Speaking in Tongues

2 Language Change

Consider the following poems:

Poem A

Hwæt. We Gardena in geardagum,

þeodcyninga, þrym gefrunon,

hu ða æþelingas ellen fremedon.

Poem B

Whan that Aprille with his shoures soote,

The droghte of March hath perced to the roote,

And bathed every veyne in swich licóur

Of which vertú engendred is the flour.

Poem C

Shall I compare thee to a summer’s day?

Thou art more lovely and more temperate:

Rough winds do shake the darling buds of May,

And summer’s lease hath all too short a date;


You may be familiar with poem c as a famous sonnet by Shakespeare. Some of the words, such as thee, may be a little odd, but you can understand it. Poem b may be a little more difficult to understand; but you may see some familiar words there. Try saying it out loud and you will hear even more familiar words from this beginning of Chaucer’s Canterbury Tales. Poem a (the beginning of Beowulf) would be unintelligible to a modern English speaker and sounds more like German. However, this is also English (of Old English) connected to us through a long line of speakers going back to the 7th century.

 

This shows us that languages change over time and may even change so much as to become different languages. Depending on how we count them, there are about 5000-6000 languages in the world. As languages change, is it possible that there were once fewer languages that then diverged into many over time? We do notice the apparent similarities between languages when we hear familiar words. As you can see in Figure 1.1, the word mother is quite similar in many European languages such as English (mother), Dutch (moeder) and Spanish (madre) but different from Turkish, Finnish and Hungarian. We can also see similarities with far flung languages such as Sanskrit (Mata) and Persian (mâdar).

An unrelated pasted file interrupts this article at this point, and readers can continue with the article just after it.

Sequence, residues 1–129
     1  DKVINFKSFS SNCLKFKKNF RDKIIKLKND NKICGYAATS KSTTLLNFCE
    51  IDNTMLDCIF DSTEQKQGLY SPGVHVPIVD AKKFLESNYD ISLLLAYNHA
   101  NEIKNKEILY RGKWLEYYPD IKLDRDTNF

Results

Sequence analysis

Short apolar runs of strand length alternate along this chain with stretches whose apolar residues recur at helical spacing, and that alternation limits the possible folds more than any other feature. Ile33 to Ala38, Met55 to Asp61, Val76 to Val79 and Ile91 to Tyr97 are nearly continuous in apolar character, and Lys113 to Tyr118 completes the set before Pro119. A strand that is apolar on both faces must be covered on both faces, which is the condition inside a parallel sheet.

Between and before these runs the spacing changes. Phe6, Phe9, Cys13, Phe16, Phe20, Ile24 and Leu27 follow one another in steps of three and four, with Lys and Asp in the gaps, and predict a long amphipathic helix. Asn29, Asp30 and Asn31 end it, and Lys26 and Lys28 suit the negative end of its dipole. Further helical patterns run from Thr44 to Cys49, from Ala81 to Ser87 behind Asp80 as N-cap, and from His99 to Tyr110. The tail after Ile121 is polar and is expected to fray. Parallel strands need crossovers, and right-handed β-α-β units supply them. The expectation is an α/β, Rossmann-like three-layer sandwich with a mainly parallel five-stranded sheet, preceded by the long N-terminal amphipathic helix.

Displays a map of european nations each divided by their respective borders, and matched with the word “mother” as it exists within each nation’s language. Colours are used to group similar sounding pronunciations of the word.

Figure 1.1 The word ‘Mother’ in European Languages

Detailed analysis of words and other linguistic elements across different languages has shown that most languages in Europe, West and South Asia derive from a common ancestor called proto-Indo-European (or PIE). Analyzing the common words found in theses languages, scholars have tried to determine the common elements of this ancient culture. For examples, proto-Indo-Europeans must have had horses, sheep and chariots as they share these words while they do not have common words for palm trees and vine. There are some languages in Europe which are not descended from PIE including Basque (a language isolate not related to any other language), Finnish, Hungarian and Estonian.

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Psychology of Language by Dinesh Ramoo is licensed under a Creative Commons Attribution-NonCommercial-ShareAlike 4.0 International License, except where otherwise noted.

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